September 22, 2010
A Bittersweet New Year
It seems like the Jewish New Year has brought with it lots of LGBT-related news. And while I’m generally quite the pessimist and despite a few recent challenges, I am still feeling pretty good about things.
So, let’s start with the bad news. Yesterday, in some complicated legislative maneuvering and pitting groups against one another, the US Senate voted against repealing the “Don’t Ask, Don’t Tell” policy, which forces LGBT military members into the closet and mandates that if service members are “outed” in any way, they are susceptible to discharge. The House had already voted to repeal the law, President Obama has come out against the law, and the US military has stated the law should go. So, for the estimated 66,000 LGB people currently serving in the military, this vote means they have to continue hiding in the closet. I’m here in DC this week, and I have to say, it is hard to walk around this town and not feel totally demoralized.
But, there are reasons to feel better about the state of LGBT America. While our elected officials in Washington, DC may not be getting it done, several recent studies find that Americans in general are warming to the idea of equality for LGBT people. The evidence:
1) A recent survey of 2,300 people across the US over seven years found that the number of people who consider LGBT couples with children to be “families” has risen from 54% to 68%. That’s right – more than two out of three people in the US think of LGBT people raising kids to be a family.
2) A study by the Pew Center for the People and the Press and the Pew Forum on Religion and Public Life found that only 35% of Americans indicate that religion is the most important influence on how they feel about marriage equality for LGBT people. It is much higher for folks who identify as “conservative” –60%.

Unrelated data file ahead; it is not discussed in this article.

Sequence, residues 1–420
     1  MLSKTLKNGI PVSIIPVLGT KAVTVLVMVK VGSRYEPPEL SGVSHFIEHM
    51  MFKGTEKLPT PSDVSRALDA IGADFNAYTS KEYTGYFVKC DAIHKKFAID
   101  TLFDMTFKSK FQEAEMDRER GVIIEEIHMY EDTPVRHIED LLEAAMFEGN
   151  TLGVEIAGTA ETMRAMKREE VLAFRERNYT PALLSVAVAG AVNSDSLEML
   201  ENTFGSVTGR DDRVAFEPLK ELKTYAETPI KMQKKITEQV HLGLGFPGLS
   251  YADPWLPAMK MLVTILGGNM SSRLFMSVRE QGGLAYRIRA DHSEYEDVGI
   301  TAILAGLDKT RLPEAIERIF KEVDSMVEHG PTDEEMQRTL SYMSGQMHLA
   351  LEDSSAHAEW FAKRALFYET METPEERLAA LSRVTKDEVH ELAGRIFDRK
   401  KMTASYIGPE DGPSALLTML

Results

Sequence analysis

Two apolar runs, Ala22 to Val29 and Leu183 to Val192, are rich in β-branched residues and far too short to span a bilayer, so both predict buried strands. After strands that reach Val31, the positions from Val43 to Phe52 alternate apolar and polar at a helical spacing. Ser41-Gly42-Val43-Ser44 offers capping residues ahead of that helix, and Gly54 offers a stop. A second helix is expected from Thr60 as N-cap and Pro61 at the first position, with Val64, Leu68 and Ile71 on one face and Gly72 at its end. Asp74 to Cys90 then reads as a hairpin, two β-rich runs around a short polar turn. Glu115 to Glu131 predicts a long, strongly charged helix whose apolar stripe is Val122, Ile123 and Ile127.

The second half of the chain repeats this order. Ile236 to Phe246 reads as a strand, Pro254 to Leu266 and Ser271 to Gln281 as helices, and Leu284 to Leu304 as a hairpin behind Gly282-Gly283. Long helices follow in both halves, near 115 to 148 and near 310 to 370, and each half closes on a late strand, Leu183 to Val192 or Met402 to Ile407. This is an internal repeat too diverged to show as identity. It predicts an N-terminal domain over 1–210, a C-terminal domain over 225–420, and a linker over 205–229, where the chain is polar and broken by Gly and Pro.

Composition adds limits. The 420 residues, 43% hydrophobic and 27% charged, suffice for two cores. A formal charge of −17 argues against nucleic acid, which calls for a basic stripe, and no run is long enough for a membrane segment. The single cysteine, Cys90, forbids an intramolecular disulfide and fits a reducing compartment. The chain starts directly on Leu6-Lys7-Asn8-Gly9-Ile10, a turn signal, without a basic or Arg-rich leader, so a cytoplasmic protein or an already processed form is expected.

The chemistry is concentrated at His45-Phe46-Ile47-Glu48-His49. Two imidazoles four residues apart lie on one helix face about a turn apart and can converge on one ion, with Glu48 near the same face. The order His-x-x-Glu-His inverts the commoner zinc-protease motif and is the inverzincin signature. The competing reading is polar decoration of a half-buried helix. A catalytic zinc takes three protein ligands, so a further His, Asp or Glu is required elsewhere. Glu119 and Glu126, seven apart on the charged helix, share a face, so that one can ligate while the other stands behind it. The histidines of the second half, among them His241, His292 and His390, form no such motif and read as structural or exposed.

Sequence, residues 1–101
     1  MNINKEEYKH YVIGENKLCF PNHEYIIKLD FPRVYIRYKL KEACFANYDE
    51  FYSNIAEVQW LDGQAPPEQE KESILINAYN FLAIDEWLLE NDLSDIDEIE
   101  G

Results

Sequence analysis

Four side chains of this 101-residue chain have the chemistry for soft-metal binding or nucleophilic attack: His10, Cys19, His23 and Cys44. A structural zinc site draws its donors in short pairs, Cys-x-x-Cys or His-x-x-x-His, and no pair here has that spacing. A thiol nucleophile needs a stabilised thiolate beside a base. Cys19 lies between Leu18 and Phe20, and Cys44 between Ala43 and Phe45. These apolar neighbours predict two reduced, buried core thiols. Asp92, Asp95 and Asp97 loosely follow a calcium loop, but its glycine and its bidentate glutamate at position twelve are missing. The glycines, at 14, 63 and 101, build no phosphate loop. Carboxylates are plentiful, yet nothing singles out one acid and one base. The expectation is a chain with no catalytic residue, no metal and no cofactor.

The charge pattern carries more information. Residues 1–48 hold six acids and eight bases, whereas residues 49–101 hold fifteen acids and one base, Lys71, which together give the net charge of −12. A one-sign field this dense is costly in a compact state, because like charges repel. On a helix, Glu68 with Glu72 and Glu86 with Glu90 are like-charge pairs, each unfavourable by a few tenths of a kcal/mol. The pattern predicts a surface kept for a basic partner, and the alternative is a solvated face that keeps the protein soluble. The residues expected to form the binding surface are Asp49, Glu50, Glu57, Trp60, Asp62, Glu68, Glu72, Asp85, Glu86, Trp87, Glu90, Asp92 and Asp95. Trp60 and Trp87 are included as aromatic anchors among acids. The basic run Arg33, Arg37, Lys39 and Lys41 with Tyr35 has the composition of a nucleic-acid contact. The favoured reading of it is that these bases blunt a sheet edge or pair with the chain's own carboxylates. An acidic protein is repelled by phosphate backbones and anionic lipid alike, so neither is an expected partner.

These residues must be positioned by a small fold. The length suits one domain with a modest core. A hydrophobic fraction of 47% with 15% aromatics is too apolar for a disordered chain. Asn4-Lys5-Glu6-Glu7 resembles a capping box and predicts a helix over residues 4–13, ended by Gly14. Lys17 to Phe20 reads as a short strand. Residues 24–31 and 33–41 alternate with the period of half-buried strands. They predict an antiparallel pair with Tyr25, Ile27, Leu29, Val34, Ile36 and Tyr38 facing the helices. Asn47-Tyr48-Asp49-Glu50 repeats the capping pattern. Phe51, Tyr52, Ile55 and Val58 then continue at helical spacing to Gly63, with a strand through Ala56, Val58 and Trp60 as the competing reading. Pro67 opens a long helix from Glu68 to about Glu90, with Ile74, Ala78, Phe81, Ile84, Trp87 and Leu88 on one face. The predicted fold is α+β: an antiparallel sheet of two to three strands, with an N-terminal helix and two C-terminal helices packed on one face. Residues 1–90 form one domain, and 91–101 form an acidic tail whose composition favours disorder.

Judges around the country are also using the Constitution to conclude that discrimination against LGBT must go.
2) A judge in California declared earlier this month that the military’s “Don’t Ask, Don’t Tell” is unconstitutional because it doesn’t actually make the military stronger, which has been the justification used for more than a decade.
3) In California, Proposition 8, which amended the state’s constitution to define marriage between a man and a woman, was found to violate the US Constitution.
4) In Massachusetts, a judge found that the federal Defense of Marriage Act, which prohibits the federal government from recognized same-sex couples who are legally married in Massachusetts, Connecticut, Iowa, Vermont, New Hampshire, or Washington, DC is also unconstitutional.
There are certainly many fights ahead – ensuring the LGBT aren’t fired from their jobs just for being LGBT, securing economic justice for low income LGBT people, putting an end to discrimination in health services, and the list continues – but these are important victories and signs that 5771 may be a good year for fulfilling the dream of equality under the law for all Americans.